WOW: This brings me to the next question, and brings me back to the song lyrics "i bet you think this song is about you..." but really, do these Commitment Phobes recognize they are Commitment Phobes and how can we as friends help them either recognize or get past the phobia?

      Emily: There are two main types of commitment phobes. One is very aware and conscious that he is not interested in committing and will often be very up front about it. These types have better access to transformation because they have introspection and are not living in denial. The other type is unaware, or unconscious, that he pushes intimacy and love away. He is the hardest to deal with because he is not interested in confronting his issues. This type is the one who will blame everyone else for his problems and accept little responsibility for his behaviors.

      Getting the unconscious Commitment Phobe to recognize his problems is difficult. I mean, who really wants their issues pointed out to them? Who wants to be told they are “wrong”? It takes a lot of courage to look within and admit we are flawed. By the mere fact we are alive, we are flawed. Our childhood traumas, whether large or small, real or imagined, will label us with the stamp of imperfection. Spiritually, we are always in tact. And that is what can help us master the path. We can help a Commitment Phobe by helping ourselves…by being a living, breathing example of self-love and self respect. We can only change others by changing ourselves. And when approaching the topic, we can learn to be kind and caring without being a doormat.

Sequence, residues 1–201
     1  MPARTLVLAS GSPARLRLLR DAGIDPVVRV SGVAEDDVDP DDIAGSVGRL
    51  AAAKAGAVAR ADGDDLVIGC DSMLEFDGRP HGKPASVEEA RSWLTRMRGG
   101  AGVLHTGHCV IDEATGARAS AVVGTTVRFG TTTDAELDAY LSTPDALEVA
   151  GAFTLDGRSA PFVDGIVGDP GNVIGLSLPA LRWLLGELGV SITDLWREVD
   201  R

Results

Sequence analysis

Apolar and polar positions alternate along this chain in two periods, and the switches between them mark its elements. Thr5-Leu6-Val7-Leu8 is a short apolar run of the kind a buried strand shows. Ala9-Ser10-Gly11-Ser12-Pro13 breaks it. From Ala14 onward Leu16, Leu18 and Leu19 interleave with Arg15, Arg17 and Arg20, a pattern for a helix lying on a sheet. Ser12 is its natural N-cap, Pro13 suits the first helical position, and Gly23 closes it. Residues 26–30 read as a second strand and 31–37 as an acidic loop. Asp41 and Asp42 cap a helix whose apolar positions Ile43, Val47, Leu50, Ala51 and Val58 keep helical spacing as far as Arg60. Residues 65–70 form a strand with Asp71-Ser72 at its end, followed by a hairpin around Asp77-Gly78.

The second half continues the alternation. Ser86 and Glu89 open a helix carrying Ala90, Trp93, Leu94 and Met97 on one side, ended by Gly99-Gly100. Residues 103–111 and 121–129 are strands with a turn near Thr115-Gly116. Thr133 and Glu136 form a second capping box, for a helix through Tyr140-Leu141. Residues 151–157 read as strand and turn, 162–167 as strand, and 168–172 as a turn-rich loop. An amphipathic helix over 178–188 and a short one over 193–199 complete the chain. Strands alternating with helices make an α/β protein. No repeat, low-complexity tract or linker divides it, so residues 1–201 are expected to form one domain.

WOW: I wonder how many Commitment Phobes will walk right past your book on the shelf at the store not realizing it's all about them? Very interesting.

      Speaking of getting books on shelves, what advice can you give to authors looking to promote their nonfiction books?

      Emily: Hire a great PR team! But if you can’t do that, tweet! A lot! Social media is not my strong suit, but I notice sales go up when I send out a quick tweet. There is a new generation out there who are proficient in social networking and I would seek the advice of one of them because it is a necessity for promoting. Promoting your own work and talking about how great your book is can be very difficult. That’s why a good publicist can work wonders and I am lucky to have the best. The hardest thing to do is promote your own non-fiction book because often times, people can see it as narcissistic. My book has information and answers that will help women and I have seen lives change because of it. But if I promote that, then I am being self-serving. When the truth is that I went through the deepest depths of despair and pain in order to have the information to write this book. I went there so that the reader wouldn’t have to. You don’t attain true wisdom by hanging out under rainbows.

      Writers are often introverts by nature and introverts always have a story to tell. Don’t be afraid to be vulnerable to your readers. The only way we can relate to them is by sharing our own damaged past because no one escapes this planet without one!




      The Commitment Phobe: It's not you…It's him